Many layers to peel back
Some records you can “get” after the first listen through; it’s not that they’re shallow or low quality, it’s just easy to see how the different parts of the different songs hold each other together. Some records are intentionally oblique, trying to construct an illusion of meaning and depth, where the artist is trying to be edgy in the way they’ve put together their album. Destroyer’s 10th record, Poison Seasons, falls into neither of these categories. That being said, let’s take a look at some of the component songs.
“Dream Lover” has an E-Street Band “bigness” to it. It might be the prominent saxophone work, or the refrain about lovers on the run, or the anthemic expansiveness – but something about this song just screams Springsteen. It’s the kind of song that could be employed equally well under the triumphant closing credits of a romantic comedy or under the opening credits of a Lifetime movie where the protagonist’s life goes to pieces, leading them to rebuild a more satisfying life.
“The River” is reminiscent of Coney Island Baby in tone and delivery, jazzy and soulful with just enough bite to emphasize the urban grit of the subject. The song is backed with an underlying sense of melancholy muted by optimism. It’s laidback enough to be seductive, but the energy is expertly directed and conducted; raw power washes in and out, pulling the listener through a complex maze of emotions. “Midnight Meet the Rain” alternates between the intensity and explosive punch of an Isaac Hayes soundtrack and the introspective reflection of a Kurt Weill flavored torch song. It’s a very interesting study in contrast.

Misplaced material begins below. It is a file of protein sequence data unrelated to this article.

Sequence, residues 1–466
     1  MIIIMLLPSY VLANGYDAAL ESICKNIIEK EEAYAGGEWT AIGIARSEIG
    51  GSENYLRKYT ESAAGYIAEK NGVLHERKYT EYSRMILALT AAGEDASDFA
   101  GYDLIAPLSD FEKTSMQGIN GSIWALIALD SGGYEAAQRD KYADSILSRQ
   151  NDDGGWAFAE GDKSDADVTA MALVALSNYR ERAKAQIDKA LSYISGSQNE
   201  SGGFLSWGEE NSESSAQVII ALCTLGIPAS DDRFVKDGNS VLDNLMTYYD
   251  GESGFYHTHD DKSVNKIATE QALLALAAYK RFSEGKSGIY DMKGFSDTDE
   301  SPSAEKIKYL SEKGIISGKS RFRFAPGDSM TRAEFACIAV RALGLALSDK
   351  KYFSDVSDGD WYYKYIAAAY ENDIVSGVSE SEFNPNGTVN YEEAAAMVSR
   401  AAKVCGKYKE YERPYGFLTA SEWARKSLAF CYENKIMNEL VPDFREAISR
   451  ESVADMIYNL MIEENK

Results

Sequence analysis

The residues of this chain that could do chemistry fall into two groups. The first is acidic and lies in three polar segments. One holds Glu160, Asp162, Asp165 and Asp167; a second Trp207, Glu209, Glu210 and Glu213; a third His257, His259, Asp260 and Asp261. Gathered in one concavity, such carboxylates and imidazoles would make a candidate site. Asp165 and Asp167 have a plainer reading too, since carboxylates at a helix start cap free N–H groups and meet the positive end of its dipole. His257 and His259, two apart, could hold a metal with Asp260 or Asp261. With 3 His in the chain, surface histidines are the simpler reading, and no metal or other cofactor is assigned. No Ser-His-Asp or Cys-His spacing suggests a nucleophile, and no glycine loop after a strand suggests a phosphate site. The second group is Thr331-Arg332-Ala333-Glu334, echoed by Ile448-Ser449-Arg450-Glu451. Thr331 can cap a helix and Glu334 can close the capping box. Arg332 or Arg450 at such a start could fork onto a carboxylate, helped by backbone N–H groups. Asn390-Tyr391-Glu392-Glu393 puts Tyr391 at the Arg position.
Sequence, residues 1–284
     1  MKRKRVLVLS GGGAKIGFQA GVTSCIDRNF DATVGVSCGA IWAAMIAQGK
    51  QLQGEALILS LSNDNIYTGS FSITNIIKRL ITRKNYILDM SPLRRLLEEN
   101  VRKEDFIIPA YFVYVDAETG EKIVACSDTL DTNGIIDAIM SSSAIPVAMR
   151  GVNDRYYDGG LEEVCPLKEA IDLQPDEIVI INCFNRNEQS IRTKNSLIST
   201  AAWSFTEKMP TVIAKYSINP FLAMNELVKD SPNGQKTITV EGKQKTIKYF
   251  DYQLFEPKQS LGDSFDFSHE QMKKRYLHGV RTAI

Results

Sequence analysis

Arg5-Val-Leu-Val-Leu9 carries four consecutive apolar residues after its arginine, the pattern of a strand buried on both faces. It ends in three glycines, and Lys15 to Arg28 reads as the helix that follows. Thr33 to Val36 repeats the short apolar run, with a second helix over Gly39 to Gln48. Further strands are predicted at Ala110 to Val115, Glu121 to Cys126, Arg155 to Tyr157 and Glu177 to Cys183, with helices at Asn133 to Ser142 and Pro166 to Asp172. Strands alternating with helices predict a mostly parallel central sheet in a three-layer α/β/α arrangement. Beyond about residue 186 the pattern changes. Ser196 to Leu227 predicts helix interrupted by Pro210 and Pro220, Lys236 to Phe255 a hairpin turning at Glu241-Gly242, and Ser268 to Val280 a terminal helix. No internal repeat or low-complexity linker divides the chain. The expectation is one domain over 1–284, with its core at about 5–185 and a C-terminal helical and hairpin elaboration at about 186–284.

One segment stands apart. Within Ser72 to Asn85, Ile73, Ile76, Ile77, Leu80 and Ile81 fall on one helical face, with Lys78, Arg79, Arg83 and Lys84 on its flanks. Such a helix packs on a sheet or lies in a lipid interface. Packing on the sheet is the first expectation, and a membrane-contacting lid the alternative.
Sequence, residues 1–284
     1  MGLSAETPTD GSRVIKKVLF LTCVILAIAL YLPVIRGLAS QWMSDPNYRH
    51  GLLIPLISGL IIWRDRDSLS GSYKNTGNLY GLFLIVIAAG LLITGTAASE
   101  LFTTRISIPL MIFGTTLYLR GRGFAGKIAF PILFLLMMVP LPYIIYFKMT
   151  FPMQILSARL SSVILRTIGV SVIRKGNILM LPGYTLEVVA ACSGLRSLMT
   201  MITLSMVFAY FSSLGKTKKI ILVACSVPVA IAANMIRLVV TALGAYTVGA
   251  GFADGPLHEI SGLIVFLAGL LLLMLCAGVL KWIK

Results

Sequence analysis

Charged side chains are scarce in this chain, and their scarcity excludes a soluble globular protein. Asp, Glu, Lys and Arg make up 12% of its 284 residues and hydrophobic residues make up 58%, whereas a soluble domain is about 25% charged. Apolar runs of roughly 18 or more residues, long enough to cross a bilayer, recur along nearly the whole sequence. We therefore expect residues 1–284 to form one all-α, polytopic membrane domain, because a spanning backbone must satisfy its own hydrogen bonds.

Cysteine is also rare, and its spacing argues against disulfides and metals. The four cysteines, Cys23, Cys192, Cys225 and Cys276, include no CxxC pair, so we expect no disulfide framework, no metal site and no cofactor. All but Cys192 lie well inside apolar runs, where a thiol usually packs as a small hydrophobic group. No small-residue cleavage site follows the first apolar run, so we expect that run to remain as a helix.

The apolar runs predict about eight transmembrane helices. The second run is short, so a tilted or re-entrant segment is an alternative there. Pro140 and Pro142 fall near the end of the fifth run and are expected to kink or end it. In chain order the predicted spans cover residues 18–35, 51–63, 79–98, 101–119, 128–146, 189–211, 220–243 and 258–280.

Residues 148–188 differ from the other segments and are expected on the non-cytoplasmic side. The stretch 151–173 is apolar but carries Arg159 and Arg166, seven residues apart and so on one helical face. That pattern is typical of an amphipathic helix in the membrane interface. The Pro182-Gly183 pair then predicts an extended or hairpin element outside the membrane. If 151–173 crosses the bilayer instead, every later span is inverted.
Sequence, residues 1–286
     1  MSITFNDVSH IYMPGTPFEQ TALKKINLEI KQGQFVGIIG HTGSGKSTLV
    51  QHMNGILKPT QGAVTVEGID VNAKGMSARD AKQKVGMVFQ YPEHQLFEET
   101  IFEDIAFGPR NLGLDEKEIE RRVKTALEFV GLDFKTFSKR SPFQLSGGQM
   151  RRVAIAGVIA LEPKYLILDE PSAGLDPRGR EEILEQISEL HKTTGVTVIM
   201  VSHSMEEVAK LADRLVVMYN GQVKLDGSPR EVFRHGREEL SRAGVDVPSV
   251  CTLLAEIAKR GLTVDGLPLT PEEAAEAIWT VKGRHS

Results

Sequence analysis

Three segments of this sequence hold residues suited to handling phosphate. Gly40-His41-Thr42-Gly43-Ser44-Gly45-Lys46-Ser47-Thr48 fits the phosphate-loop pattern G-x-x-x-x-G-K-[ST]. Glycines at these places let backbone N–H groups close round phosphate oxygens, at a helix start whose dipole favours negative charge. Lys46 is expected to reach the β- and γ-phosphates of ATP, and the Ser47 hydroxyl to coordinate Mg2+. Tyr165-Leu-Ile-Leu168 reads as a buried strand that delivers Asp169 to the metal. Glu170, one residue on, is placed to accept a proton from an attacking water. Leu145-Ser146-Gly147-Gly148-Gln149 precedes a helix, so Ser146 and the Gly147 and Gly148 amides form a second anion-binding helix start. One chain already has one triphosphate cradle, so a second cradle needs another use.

The triptych of “Times Square, Poison Season I,” “Times Square,” and “Times Square, Poison Season II” tie the album together and divide it into two roughly equal halves. There is a plastic soul groove that blends with the rest of the record while standing apart from it, musical signposts.
“Forces from Above,” “Hell,” “Girl in a Sling,” “Archer on the Beach,” and the rest are the songs you feel you’re supposed to like but are hard to fully get your arms around. Academically and structurally there is a lot to appreciate in these songs. There’s early-career Marc Bolan-styled vocals, strings that are pure chamber pop, some free-jazz piano work and plenty of other interesting elements. It’s the sort of mixture that doesn’t seem sloppy, haphazard or random, but requires some time and repeat listenings. The fact that they’re hard nuts to crack is frustrating in the best way possible, driving the listener to reframe and re-engage with the work.
There’s a lot to unpack on this record, there is really no other way to say it, and I can attest that even after many repeated listenings it is still possible to not entirely grok this album. Appreciate it? Yes. Fully understand it, no.